After the high necessarily comes the low. For me, this comes with the denials, and the frustration of being stuck in the plot. When the writing isn’t flowing, I feel like it never will. When denial after denial flows into my inbox, I despair that is the only response my work will ever get. This is a recipe for sluggishness, a part of the process where I shy away from my Word document.

Thus, I’m back to trepidation and lacking self-confidence. Square one of my process. However, it is fascinating to inspect this circular way I work, and it is heartening to know that the next step is one in the right direction. Happy Friday!

Coming Unstuck

Last night I breathed a huge sigh of relief as I finally, finally, FINALLY finished chapter 14 of Resistance!! I sat down to write for an hour; two hours later I called it quits and the dreaded chapter was behind me after nearly two weeks of halfhearted attempts resulting in paragraph length progress at most.

If you’ve been following this blog at all, you know that Resistance has been a slow process in and of itself due to many reasons that are explicated elsewhere in the blog. But chapter 14 holds a special place in my heart as being especially difficult. I felt the writer’s block coming back. I was avoiding my computer and second guessing my ideas. For the first time in a long time, I made excuses not to write and let myself use them. These are the components of an unhealthy relationship with the manuscript. There is a large difference between taking some time to actively think about the next move for your story and just taking some time off because you “don’t feel like it.” Just like it becomes easier to get in the habit of writing regularly, it is easy (if not easier) to get into the habit of not writing. So last night was excellent for me–I overcame what could have been a potential writer’s block event and rekindled my interest in the story now that I am over this hurdle.

There are some legitimate reasons (besides just falling into a lazy spell) that this chapter was so slow coming. First of all, I struggled with pacing. I had so many events I wanted to cram into this chapter. I knew the initial scene and the final scene I wanted to set. Thus, I became frustrated sorting out how to deal with all the events that needed to play out in between chapter end and beginning. Essentially, the chapter was to encompass an entire day, starting in the early morning and concluding 24 hours later. Major events would be happening in the early morning and late night of the day. While I had a rough outline of what Mara would be doing during the day, my mind couldn’t place enough significance on these events to flesh them out for the text. This is where the halting writing habits commenced.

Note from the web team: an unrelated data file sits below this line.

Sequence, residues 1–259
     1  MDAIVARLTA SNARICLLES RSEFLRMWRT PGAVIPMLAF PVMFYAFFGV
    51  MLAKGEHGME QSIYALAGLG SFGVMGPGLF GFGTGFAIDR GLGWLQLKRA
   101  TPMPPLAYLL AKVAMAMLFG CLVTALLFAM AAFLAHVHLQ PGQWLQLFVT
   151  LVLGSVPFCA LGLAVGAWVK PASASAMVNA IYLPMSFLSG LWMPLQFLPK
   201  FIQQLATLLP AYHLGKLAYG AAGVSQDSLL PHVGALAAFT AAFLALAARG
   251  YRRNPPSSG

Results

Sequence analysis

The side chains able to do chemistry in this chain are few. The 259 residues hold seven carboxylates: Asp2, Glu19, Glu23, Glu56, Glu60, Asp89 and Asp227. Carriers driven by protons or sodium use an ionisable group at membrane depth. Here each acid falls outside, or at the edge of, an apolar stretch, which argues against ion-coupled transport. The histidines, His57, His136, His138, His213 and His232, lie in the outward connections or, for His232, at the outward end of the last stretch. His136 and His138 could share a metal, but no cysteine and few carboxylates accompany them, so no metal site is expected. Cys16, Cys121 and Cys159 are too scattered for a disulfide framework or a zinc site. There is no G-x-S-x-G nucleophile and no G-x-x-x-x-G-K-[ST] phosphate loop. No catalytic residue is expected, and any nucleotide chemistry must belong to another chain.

The answer to this pacing problem was obvious and took me an embarrassingly long time to come to. Simply do not write the parts of the day that aren’t sparking interest. If they seemed boring and superfluous to me as a writer, they certainly would to a reader. When reading a novel, every single event of every single day is not related–this is the very essence of pacing. My hang-up was that I felt the potential to incorporate importance into the events that I ultimately decided to leave out. However, in the future I can always come back and add details or scenes as necessary. The important thing for now, I realized, was to get the chapter written.

So I cut out the chunk of events that was holding me up and segued from one key scene, building up suspense and then arcing it back down, to the next end of the day scene where I once again started the build-up of suspense. The chapter climax came at the end, and will hopefully keep the reader hungry to turn the page. Ending chapter 14 has certainly given this writer fuel to keep the story alive.